Every year, from October to February, thousands of monarch butterflies come to the Monarch Butterfly Grove in Pismo Beach. These beautiful creatures are being threatened by insecticides, climate change, and habitat loss. Here’s how you can help the Monarch Butterflies from the comfort of your own home!
Monarch butterfly larvae can only eat milkweed, and it is essential to their survival. Many farmers spray herbicides to kill milkweed, which is normally a hardy, natural plant. It requires relatively no maintenance but is often removed and killed to make room for crops. The species names that butterfly larvae can eat, according to https://www.monarch-butterfly.com/, are: Asclepias angustifolia, asperula, californica, cordifolia, eriocarpa, erosa, exaltata, fasciculari, humistrata, incarnata, nivea, oenotheroide, perennis, speciosa, subulata, syriaca, tuberosa, variegata, verticillata, vestita, viridis, Calotropis gigantea, procera, Sarcostemma clausa. However, local milkweed is always best. You can order milkweed seeds online for free from https://www.saveourmonarchs.org/ and https://www.livemonarch.com/free-milkweed-seeds/.
Butterflies, as adults, use wildflowers as a means of food. Most of the wildflowers that monarchs use do not require much maintenance, such as red clover and alfalfa, which are safe for animals like cows and horses to eat. Monarchs rely on the nectar from these plants to survive. The types of wildflowers and similar plants that Monarchs use are: Indian Hemp, milkweed, asters, Butterfly Bush, thistles, Wild Carrot (or Queen Anne’s Lace), Teasel, coneflowers, Horseweed, Spotted Joe Pye Weed, Boneset, Dame’s Rocket, Candytuft, “Blazing Star”, Alfalfa, Goldenrod, Lilac, Red Clover, Verbena, Tall Ironweed, and Zinnia. Click each plant to learn about what it is, and how to grow it.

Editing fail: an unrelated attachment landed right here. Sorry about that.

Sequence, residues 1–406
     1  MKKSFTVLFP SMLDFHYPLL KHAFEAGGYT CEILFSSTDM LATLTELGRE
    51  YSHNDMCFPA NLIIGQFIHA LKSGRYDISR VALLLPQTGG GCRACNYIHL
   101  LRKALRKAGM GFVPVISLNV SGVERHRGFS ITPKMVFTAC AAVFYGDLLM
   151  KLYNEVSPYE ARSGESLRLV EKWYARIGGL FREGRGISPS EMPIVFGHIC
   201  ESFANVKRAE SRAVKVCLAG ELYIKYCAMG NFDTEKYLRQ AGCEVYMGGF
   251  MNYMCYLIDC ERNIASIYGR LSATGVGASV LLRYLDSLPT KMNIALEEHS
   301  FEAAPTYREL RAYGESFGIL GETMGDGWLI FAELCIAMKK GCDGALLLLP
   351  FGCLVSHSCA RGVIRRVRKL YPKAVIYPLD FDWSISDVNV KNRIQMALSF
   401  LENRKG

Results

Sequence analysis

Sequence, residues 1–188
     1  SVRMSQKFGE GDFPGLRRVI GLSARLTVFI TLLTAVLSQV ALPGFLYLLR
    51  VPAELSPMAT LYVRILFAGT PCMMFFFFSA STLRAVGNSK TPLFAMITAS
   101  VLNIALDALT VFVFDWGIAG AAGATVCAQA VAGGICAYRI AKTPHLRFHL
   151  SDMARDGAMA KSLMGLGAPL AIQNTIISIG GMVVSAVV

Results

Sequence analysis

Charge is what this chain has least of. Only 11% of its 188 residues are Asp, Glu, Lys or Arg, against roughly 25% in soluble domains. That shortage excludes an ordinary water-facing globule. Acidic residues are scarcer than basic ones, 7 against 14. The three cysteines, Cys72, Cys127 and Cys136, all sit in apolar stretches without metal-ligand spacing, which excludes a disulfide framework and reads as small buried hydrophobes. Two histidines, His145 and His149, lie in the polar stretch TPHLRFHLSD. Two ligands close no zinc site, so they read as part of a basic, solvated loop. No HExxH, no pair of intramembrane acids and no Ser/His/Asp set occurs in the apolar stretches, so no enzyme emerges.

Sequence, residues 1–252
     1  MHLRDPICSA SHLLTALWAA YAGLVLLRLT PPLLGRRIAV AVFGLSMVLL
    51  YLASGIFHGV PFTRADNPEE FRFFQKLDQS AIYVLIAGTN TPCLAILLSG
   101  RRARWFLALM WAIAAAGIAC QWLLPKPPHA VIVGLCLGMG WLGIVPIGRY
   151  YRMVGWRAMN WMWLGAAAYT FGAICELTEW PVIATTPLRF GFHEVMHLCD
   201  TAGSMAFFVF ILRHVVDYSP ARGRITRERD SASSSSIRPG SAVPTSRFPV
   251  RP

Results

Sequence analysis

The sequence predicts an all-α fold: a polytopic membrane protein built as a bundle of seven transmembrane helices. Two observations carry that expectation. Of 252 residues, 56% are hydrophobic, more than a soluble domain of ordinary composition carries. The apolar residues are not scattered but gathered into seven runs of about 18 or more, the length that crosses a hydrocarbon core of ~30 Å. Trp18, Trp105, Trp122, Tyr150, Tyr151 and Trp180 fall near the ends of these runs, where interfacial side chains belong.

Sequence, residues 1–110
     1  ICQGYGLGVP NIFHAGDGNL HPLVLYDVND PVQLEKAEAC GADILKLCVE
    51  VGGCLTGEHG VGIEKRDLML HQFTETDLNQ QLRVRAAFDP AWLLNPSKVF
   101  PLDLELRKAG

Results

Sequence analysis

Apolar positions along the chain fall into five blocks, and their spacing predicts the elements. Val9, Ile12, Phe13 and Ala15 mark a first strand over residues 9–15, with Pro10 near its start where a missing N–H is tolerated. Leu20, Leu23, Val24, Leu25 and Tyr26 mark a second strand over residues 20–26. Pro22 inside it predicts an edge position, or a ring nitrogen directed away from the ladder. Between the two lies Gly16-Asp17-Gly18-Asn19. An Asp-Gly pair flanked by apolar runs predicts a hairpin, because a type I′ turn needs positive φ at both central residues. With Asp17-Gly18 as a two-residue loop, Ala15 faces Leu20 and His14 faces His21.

Don’t use pesticides!
A perfect-looking tomato or peach may be appealing, but using pesticides known as “herbicides” or “insecticides” can kill butterflies and other helpful insects. They also have potential toxicity to animals, including humans. According to Sustaining the Earth (6th ed.), well beyond 98% of sprayed insecticides and 95% of herbicides reach a destination other than what they were designed to repel and kill. This even includes non-target species, air, water, and soil. There are many natural alternatives to these harmful chemicals which can be found here.
Help the environment!
We all know that riding a bike is better for you (and the environment) than driving a car, but many of us, including myself, take the less environmentally friendly route out of convenience. This is not to say that you should stop driving since riding a bike isn’t as time-efficient. In this modern world, it is almost essential transportation. Simply consider more sustainable options, and focus on what you can do to help the environment in small ways. For a list of suggestions, click here.
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